Please ma'am, can we have our gold back?

We are just putting the (much needed, to be honest) finishing touches to a new website for BullionRock, which is the trading name of Ravenscroft Precious Metals Limited.

One of the pages talks about the collection of client assets and confirms that, subject to two working days’ notice, owners are free turn up to our offices, with the requisite sized holdall, prove that they really are who they say they are, sign a couple of bits of paperwork and leave, minding how they go. Since starting the business in 2012, it is only the current misery of COVID-19, a full monty Force Majeure if ever there was one, that has prevented us from keeping this promise.

I only mention it this week because a high-profile client of a well-known gold custodian, that operates not a million miles away from here, is commencing legal action because it cannot get its hands on its gold or the economic benefit thereof. The custodian in question, on its website, proclaims:

“We provide safe custody for the United Kingdom’s gold reserves, and for other central banks. This supports financial stability by providing central banks with access to the liquidity of the London gold market.” 

So why, then, is The Bank of England (“BoE”) not allowing its client, the central bank of Venezuela, to sell gold worth USD1billion and remit the proceeds to the United Nations Development Programme for healthcare equipment, medicines and basic foodstuffs that are much needed in the South American country?

The UN said in a statement Wednesday,

"Venezuela is in the midst of an economic meltdown and a dire humanitarian crisis that has prompted 5.1 million Venezuelans to go abroad — mostly to other Latin American and Caribbean countries — as refugees and migrants, as a power struggle between President Nicolás Maduro and opposition leader Juan Guaidó drags on."

The BoE has declined to confirm what it will, or will not, be doing and does not want to comment. The law firm acting for Venezuela, which has filed a USD1billion lawsuit against the Bank of England over its inaction, does,

“There is no, or no sufficient, basis for such refusal,” the court documents say, “BoE's conduct is wrongful.”

The problem, it would appear, is political. You see, the current president of Venezuela is not universally liked. The British government, along with about 60 others worldwide, including the United States of America (“US”), does not recognise Mr Maduro as Venezuela’s legitimate leader, arguing that he rigged the last presidential election a couple of years ago. He tried, in late 2018, to get access to some the gold in London but was refused, leading to protests in the streets of Venezuela, with chants of,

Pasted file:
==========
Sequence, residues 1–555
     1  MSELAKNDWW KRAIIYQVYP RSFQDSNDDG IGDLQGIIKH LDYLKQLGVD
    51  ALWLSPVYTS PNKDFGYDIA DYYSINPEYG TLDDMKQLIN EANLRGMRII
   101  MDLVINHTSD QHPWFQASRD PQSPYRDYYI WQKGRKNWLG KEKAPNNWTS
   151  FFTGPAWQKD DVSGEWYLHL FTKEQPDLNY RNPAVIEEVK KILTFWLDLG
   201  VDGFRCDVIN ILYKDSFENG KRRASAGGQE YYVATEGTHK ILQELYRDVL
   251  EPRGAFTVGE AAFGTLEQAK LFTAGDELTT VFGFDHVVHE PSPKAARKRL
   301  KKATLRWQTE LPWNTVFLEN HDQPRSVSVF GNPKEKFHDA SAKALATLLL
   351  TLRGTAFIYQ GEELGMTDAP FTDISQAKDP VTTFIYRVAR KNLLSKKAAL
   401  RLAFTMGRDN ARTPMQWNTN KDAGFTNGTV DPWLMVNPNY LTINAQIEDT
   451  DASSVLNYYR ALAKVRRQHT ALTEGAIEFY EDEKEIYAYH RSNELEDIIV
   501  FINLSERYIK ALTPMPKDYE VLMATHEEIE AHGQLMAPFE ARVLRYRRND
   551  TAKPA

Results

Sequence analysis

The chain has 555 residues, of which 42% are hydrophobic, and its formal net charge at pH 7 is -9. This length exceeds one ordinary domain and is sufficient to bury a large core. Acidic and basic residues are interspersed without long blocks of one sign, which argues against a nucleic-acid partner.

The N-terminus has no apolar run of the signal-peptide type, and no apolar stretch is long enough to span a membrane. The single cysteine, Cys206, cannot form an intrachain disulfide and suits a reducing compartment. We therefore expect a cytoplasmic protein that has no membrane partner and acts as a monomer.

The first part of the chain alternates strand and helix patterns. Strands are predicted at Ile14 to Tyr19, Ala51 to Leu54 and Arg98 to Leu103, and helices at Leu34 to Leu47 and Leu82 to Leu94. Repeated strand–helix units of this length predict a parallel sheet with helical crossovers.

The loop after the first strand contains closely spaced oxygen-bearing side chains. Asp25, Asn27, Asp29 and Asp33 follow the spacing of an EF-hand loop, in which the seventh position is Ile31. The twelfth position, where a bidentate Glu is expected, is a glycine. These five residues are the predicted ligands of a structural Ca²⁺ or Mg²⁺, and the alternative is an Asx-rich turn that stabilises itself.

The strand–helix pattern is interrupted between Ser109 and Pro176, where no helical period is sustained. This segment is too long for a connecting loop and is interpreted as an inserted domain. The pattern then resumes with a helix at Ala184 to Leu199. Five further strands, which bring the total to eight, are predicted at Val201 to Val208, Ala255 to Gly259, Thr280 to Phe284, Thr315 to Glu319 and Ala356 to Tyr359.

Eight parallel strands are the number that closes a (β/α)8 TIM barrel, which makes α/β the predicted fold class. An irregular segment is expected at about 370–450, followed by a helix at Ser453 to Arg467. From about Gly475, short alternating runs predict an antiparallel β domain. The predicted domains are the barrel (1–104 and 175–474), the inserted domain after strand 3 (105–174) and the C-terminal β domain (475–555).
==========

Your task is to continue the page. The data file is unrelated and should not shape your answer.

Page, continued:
“Bank of England, you’ve been told, Give Venezuela back its gold!”

{I presume they were chanting in English, unless the above rhymes in Spanish, as well?}

Neither collapsing oil prices nor the whiff of corruption have done much for Venezuelan fortunes and aggressive international trade sanctions have been levied against the country because of the latter. These sanctions extend to the prohibition of any US state or entity from dealing in gold from the country and a recommendation that allies of the US prevent the same. It is rumoured that Iran is the last available destination for Venezuelan gold after President Trump cracked down on deals being conducted with Russia, Turkey and the United Arab Emirates.

A shame, because, just look at the price rise in the local currency over the last 12 months, as shown below!


In reality, even this gain is of little consequence, when inflation is estimated to be running at some 15,000% per annum (according to the International Monetary Fund (“IMF”) , but the real number could be significantly higher, and no official statistics are being produced by Venezuela - funnily enough!). Let us hope that this is not an example of how inflation can go horribly wrong as a result of money printing during periods of economic hardship as we have recently seen. As Bloomberg notes:

“The Venezuelan crisis, however, got worse as the oil price continued to fall, compounded by other factors that reduced Venezuelan oil output. International investors began looking elsewhere, driving the value of the currency even lower.

In these conditions, printing more money simply made the problem worse. It added to the supply of currency, pushing the value down even further. As prices rose, the government printed more money to pay its bills. This cycle is what causes hyperinflation.”

Does anyone else worry that words similar to these might be written in the future about countries with a much bigger standing on the global economic stage than Venezuela? Or is it just me?

Enjoy, as applicable, the sunshine, the short working week and a step closer to a return to normality everyone!

PS Thanks to a very talented old school friend, Angelo Tirotto, for the cartoon faces: he knew just what to provide for me to use to signal when I was writing about BullionRock, Ravenscroft, personal and/ or controversial subject matters (you’ll have to wait for another day to see the Joker version!)